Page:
On Friday, The New York Times released a lengthy expose of racism within the New York City Fire Department — including posts about what some white firefighters wanted to do with the George Floyd protesters last year.
"After the murder of George Floyd more than a year ago touched off protests against racism and violence in policing, the culture inside New York City's firehouses deteriorated beyond repair, Mr. Charles and other Black firefighters said," reported Astead Herndon and Ali Watkins. "White firefighters shared racist messages and memes on their phones mocking Mr. Floyd's dying moments. They gloated about how police could 'legally shoot Black children.' And lieutenants discussed turning fire hoses on protesters, prompting debates about whether the tactic would work, because 'wild animals like water.'"
Some firefighters may even have wanted to act on these ideas; a lawsuit filed by a Black FDNY firefighter early this month in federal court alleges he was suspended after he refused an order from his boss to turn fire hoses on protesters.
According to the report, nine FDNY firefighters were suspended without pay in response to these incidents after Black firefighters complained — with one of those firefighters preparing to leave the department. But this was not the only incident.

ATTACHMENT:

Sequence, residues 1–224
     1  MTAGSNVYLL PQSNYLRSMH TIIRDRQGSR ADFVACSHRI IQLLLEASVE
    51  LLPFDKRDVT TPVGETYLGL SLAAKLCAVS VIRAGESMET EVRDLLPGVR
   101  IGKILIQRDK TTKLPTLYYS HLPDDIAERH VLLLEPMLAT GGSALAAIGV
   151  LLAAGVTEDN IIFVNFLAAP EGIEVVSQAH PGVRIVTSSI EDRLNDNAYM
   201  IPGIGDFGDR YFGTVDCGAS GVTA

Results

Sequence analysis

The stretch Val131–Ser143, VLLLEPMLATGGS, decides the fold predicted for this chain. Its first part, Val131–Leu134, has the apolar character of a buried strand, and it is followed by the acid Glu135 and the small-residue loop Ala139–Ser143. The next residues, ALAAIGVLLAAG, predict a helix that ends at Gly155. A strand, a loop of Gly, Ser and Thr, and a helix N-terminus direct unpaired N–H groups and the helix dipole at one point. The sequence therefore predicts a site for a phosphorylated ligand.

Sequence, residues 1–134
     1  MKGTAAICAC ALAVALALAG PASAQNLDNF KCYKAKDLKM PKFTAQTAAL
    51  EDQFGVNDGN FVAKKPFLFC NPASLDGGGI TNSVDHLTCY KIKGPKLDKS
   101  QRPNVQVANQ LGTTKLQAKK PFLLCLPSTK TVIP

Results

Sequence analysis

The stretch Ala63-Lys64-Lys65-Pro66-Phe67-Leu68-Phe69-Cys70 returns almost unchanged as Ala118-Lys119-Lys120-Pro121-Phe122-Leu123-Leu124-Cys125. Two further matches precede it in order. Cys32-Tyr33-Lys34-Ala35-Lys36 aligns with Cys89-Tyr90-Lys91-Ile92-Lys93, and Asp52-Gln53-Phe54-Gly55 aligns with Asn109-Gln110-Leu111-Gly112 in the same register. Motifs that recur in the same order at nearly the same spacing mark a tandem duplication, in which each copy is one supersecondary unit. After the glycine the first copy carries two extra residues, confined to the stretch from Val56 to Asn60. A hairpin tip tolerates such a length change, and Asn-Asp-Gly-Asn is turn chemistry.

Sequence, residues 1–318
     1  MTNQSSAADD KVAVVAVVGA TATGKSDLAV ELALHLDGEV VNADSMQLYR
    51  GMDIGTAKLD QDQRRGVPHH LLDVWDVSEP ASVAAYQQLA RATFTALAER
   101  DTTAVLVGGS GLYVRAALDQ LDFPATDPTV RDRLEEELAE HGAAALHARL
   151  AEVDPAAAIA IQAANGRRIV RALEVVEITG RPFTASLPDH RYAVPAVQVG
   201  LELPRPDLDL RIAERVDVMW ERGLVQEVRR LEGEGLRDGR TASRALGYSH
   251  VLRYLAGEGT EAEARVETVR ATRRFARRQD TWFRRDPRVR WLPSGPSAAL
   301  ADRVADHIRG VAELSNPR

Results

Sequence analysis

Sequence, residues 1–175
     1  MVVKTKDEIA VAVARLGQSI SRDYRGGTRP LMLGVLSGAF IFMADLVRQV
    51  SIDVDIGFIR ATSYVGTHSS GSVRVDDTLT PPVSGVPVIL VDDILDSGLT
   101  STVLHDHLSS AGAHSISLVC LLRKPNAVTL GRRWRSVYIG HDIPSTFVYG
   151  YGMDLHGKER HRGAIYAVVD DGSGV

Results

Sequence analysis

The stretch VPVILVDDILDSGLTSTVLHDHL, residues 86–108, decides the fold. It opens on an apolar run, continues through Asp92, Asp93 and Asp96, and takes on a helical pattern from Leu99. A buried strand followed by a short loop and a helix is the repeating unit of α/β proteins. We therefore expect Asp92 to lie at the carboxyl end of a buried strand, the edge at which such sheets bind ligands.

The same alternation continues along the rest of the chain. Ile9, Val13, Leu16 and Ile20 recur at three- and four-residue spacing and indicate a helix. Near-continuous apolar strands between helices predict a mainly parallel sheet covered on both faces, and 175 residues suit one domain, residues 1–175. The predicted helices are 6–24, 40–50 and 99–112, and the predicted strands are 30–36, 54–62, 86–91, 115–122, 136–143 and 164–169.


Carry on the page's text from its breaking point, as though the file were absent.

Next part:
"Alonzo Baker, another Black firefighter, filed a complaint with the department stating he was assaulted by a white civilian in the firehouse, who was drinking with white firefighters after hours and called him a racial slur," continued the report. "Another active Black firefighter, who asked not to be named out of fear of retribution, shared an image of a white colleague's social media profile, which The Times independently verified. One meme on the page showed an image of a white man being smothered by a naked Black woman. 'This man can't breathe,' the meme read, 'but you won't see that on the news.'"
This report comes as police departments around the country have been forced to grapple with allegations of racist culture and discriminatory practices. A bipartisan negotiation to try to create national police reform standards recently failed after months of talks.